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Chapter Leader Reflection: Megan Scott in Sault Ste. Marie

Posted by Megan Scott on 21 April 2019

Photo Credit: Megan Scott
A snapshot from the Sault Ste. Marie 2018 Fall Blitz. Left to Right: Volunteers Melinda Rainone, Anne Rainone, Megan Scott and Elise Nelson.

I can still remember the day I heard about The Period Purse. My sister-in-law, Brianne Hamilton, was volunteering at a packing party, when I was visiting her in Toronto.  She came home from the event and told me all about it. Before I knew it, I was lying in bed that night, wide awake. My mind was racing with ideas, dreaming up ways to bring a chapter of The Period Purse to my community in northern Ontario - Sault Ste. Marie.

A year has gone by since the Sault Ste. Marie Chapter has opened its doors and the journey has been life-changing. The folks I have met along the way, the volunteers who've donated hundreds of hours, the people in the community who've reached out to help: All of this has made me realize how much good there is out there! It's also taught me about the gaps in menstrual equity that need critical mending. 

Being a Chapter Leader, the most rewarding part of this experience has been witnessing how purses and bags filled with everyday period products can change the lives of many; can bring us closer to mending those gaps. Pads and tampons were things I would never have previously thought to donate, yet I've learned that the basic period product is something so many people who call the Soo home cannot access. 

Since 2018, a challenge has proven to be developing a routine and strategy that work for the Sault Ste. Marie market. With a population of over 78,000, this is a big job, and I also know that one of my biggest areas of needs improvement is learning how to ask for and secure help.

Photo Credit: Megan Scott
Co-Chapter Leaders Jami DellaVedova and Megan Scott stand beside Tiffany Vanzant (middle) of Pauline's Place, a Sault Ste. Marie shelter, after bringing donations collected from the Fall Blitz in 2018.

According to Homeless Hub, 84 per cent of people in Sault Ste. Marie experiencing homelessness in 2016 had stayed in an emergency shelter. As of August 2010, the number of households drawing social assistance was at 2,159.

In Sault Ste. Marie, approximately 42.3 per cent of our community identifies as Indigenous, or as having Indigenous ancestry. From this data, Homeless Hub reports that in 2011, an estimated 19.2 per cent of the Indigenous population is in core housing need.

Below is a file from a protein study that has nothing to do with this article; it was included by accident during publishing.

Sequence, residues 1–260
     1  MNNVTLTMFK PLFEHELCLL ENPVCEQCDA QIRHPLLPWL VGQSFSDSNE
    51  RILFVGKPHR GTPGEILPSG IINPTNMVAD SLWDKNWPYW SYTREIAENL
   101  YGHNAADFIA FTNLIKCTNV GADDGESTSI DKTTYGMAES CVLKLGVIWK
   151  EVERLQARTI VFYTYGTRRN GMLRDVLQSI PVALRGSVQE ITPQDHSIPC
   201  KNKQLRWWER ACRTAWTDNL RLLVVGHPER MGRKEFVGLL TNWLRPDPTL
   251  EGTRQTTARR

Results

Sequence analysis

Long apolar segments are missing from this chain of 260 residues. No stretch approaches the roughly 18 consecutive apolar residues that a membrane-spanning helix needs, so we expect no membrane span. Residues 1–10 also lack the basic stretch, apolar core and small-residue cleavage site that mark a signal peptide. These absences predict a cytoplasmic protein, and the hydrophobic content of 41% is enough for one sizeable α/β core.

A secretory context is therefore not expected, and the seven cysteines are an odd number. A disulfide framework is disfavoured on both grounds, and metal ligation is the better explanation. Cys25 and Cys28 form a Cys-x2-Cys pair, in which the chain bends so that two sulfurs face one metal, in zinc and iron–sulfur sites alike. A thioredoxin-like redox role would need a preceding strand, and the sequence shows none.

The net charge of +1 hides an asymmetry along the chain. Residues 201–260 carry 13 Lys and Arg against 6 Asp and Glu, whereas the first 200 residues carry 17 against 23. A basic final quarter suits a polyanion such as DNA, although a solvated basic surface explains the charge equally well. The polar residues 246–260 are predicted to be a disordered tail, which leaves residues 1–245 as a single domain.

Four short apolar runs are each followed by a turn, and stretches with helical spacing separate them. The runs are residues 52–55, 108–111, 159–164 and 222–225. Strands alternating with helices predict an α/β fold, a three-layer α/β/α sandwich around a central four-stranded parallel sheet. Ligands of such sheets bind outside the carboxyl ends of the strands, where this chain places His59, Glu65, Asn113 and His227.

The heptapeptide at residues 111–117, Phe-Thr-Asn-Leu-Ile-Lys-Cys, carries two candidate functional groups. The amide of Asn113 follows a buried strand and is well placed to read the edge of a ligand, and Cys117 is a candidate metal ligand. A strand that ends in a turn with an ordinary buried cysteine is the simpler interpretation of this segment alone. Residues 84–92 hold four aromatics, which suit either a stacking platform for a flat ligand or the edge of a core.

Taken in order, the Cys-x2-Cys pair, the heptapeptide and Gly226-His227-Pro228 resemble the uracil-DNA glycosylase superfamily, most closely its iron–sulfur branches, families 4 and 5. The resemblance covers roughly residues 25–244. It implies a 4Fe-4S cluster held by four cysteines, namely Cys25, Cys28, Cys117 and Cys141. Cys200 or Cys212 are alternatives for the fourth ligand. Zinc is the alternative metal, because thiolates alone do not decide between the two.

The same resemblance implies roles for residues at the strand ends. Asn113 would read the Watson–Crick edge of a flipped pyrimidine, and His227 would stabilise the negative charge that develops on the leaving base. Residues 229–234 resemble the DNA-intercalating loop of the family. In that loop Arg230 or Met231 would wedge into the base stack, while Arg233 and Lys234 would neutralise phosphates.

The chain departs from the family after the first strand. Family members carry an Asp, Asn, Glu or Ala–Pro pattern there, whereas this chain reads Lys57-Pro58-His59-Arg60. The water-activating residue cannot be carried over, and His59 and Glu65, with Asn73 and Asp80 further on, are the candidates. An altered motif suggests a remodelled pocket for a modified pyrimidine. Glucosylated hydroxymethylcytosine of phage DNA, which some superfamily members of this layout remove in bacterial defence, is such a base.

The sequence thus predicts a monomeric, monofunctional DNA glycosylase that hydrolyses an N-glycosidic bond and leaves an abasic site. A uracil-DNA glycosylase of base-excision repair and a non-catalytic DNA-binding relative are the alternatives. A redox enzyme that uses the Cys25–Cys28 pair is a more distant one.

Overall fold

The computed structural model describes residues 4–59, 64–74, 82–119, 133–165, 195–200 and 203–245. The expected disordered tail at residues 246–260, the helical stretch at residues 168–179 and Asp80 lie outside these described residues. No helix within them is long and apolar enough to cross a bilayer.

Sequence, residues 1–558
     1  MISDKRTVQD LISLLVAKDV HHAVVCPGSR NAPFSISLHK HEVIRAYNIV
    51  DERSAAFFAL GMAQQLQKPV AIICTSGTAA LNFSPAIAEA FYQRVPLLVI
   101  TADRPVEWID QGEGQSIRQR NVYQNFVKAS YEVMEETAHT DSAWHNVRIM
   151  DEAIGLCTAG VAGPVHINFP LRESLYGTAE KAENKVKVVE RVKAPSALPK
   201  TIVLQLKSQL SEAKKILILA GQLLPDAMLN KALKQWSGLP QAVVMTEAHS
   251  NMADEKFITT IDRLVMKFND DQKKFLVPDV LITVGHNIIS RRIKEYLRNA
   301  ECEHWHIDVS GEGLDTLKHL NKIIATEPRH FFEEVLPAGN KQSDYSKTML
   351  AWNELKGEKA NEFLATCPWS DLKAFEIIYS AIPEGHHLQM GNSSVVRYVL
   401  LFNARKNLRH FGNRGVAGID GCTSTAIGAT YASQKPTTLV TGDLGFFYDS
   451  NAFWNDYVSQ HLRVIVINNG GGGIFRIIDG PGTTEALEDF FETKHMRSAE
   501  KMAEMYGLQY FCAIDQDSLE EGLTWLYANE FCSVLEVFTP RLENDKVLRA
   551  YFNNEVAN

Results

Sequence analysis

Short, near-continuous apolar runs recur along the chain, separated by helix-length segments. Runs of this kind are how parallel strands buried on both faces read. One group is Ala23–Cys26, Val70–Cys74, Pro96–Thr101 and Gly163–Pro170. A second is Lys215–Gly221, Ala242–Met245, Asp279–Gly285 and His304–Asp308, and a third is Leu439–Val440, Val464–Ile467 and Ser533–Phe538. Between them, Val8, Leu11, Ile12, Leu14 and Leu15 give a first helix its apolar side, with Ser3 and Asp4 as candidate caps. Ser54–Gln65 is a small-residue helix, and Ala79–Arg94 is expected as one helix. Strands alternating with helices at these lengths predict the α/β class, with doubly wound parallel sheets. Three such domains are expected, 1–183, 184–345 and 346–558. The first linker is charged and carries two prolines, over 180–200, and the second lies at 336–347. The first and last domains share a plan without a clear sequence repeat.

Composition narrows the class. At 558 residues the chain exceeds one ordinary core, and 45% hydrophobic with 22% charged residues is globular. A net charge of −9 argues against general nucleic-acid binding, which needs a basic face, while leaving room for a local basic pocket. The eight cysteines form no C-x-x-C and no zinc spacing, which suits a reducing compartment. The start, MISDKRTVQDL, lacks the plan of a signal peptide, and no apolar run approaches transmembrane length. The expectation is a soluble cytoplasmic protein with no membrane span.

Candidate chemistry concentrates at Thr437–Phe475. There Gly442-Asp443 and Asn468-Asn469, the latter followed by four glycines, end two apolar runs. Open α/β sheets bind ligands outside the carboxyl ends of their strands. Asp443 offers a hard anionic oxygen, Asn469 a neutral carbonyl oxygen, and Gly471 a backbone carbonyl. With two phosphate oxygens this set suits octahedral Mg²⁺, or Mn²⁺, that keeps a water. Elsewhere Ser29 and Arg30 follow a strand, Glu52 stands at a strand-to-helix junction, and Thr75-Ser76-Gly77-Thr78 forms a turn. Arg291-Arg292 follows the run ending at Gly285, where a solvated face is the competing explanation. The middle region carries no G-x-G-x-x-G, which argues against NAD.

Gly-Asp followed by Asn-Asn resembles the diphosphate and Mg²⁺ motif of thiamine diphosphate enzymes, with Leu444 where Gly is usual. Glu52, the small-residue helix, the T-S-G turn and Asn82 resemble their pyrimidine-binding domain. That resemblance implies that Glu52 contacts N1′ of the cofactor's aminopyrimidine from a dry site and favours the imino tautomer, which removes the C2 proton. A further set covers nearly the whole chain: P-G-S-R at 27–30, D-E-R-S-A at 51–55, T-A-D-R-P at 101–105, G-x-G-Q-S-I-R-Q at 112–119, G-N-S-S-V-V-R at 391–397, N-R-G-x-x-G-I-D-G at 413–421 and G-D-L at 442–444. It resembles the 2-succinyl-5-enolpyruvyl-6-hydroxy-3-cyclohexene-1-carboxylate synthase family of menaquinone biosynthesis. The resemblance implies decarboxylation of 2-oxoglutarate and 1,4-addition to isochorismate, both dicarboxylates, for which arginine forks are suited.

I am extremely grateful for Jami DellaVedova, Co-Chapter Leader, who has taken on the big role of helping us run things. From Spring Blitzes to Fall Blitzes, from packing parties to third party fundraisers, we've donated more time to supporting The Period Purse's mission and vision, here at home in the Soo, than we thought we would.

Since I started, I've volunteered more than 100 hours and the Sault Ste. Marie Chapter has donated over 380 healthy periods.

It's a lot of work, and time, but it's been one of the most rewarding challenges I've ever had.  

I'm writing this post because I want to encourage The Period Purse's supporters to start a chapter in their community. It is a beautiful thing to be able to give back in this way, learning to remain proactive and professional in ever-changing, vital situations, committing to improving the lives of people in need and changing the way we think and talk about menstruation.

Photo Credit: Megan Scott
The Sault Ste. Marie community gathers at a local packing party, putting period packs and purses together for marginalized menstruators.

Through The Period Purse Sault Ste. Marie, I've learned the value of a good team, a good planner and a good cause. I've learned about leadership and lifelong impact, too.

Readers, to sign up or inquire about becoming a Chapter Leader, please contact maxine@theperiodpurse.com for more information.


Author:Megan Scott

We respectfully acknowledge the land we live and work on is the traditional territory of many nations including the Haudenosaunee, the Anishinabewaki, the Mississaugas of the Credit First Nation, Mississauga, and the Wendat peoples and is now home to many diverse First Nations, Inuit and Métis peoples. We also acknowledge that Toronto is covered by Treaty 13 with the Mississaugas of the Credit.

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